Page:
The 1st question to ask your financial adviser

interview questions instory

Brace yourself. Going to a financial adviser can be like talking to a used car salesman.

Some hustle you toward certain funds because they make more money that way.

It's "legal larceny," says Robert "Bobby" Monks, an entrepreneur and author of "Uninvested: How Wall Street Hijacks Your Money and How to Fight Back."

Bad advice hurts. American families lose an estimated $17 billion a year because of the "salesman" financial advice, according to President Obama's Council of Economic Advisers.

"The system is so weighed toward Wall Street. It's a systematic structure to suck fees out of people," Monks says. He thinks 1% to 1.5% in total fees for everything is about right, but he believes many advisers are get closer to 3% because people don't check.

Obviously, you want to an adviser who won't bleed you dry and is genuinely interested in helping you invest wisely so you have enough money for retirement or that dream vacation to Antarctica. How do you get that?

Related: Here comes the worst earnings season since Great Recession

It's your money. Protect it.

Your first question to any adviser should be: How do you get paid?

Financial advisers fall into two broad camps:

  1. Advisers who get paid a flat fee no matter what recommendations they give you.
  2. Advisers who get paid more money if they get you to invest in certain types of funds (typically stock funds) over others.

You want a flat-fee adviser, says Monks. It could make tens of thousands of dollars of difference.

Veteran financial adviser Michael Joyce agrees.

"We get the fee question all the time. It's something that anyone who is a financial adviser should really expect to get early on," says Joyce, president of JoycePayne Partners, an advisory firm with over $600 million under management. His firm was one of the first to go to a flat fee in the early 1990s.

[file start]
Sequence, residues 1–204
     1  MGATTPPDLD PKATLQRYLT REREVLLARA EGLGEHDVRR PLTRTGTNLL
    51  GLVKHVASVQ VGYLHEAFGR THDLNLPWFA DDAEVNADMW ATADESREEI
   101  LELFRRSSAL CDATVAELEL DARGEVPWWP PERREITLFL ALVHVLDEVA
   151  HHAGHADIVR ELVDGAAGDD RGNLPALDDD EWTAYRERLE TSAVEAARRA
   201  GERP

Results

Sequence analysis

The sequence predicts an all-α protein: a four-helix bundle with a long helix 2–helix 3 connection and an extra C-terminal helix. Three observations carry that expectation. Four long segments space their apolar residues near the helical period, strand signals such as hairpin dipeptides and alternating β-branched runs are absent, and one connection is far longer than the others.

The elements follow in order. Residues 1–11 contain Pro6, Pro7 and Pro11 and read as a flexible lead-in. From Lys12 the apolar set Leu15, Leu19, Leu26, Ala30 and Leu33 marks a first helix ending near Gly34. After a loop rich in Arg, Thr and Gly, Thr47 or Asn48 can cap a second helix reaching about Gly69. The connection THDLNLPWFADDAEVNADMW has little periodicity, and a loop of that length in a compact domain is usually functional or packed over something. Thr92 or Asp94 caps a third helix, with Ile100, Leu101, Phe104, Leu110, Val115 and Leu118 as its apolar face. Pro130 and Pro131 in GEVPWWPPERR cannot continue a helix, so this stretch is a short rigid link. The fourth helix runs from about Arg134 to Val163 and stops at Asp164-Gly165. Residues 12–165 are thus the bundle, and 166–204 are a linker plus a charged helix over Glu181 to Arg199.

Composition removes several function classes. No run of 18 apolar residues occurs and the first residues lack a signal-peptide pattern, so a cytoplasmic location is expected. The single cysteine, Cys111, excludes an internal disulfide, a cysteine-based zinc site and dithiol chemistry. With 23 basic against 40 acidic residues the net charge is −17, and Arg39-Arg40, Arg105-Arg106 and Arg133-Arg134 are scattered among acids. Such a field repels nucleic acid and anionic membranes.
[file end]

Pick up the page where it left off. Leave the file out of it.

CNNMoney wants to know: What are YOUR investing questions?

The second question to ask a potential adviser

Here is your second question: Are you acting as a fiduciary?

"It's like the 'f-word,' says Joyce. It's a fancy way of saying, are you putting me first?

You want the adviser to answer "Yes."

The fiduciary standard is a legal set of rules that binds an adviser to disclose any conflicts of interest upfront and give you the best advice.

It's not perfect, but it means if something goes horribly wrong and your adviser has been misleading you, it's a lot easier to take the person to court to try to get your money back.

Changing how Americans get financial advice

A new Obama administration rule requires all advisers giving advice on retirement accounts like 401(k)s and IRA (Individual Retirement Accounts) must operate by the fiduciary standard. The rule isn't law yet. Congress has 60 days to vote it down and Republican House Speaker Paul Ryan has made it clear he's not a fan of it.

Related: New Obama rule goes after shady financial advisers

But here's the takeaway from the debate over the Obama rule: at least a third of advisers operate under the fiduciary standard already, according to Mercer Bullard, a University of Mississippi law professor. They are people like Joyce who have chosen to do business that way.

Many others are "hybrid" advisers that can swing either way. They can wear their fiduciary hat or not. Make sure you know what kind of adviser you have.

Then there's new apps

Another option is to manage your money with technology. New apps and online platforms like Betterment and Wealthfront show just how low fees can go. They manage money for a flat fee. Betterment charges 0.15% to 0.35%, depending on a person's account size. Wealthfront charges 0.25%.

It's not the same level of in-person service as a traditional adviser, but you get the basics for a very low flat-fee cost.

Betterment and Wealthfront offer computer generated advice that helps you choose low-cost index funds after you input criteria such as age, risk tolerance and your income.

Being smart with your money begins with knowing what kind of a financial adviser you want.

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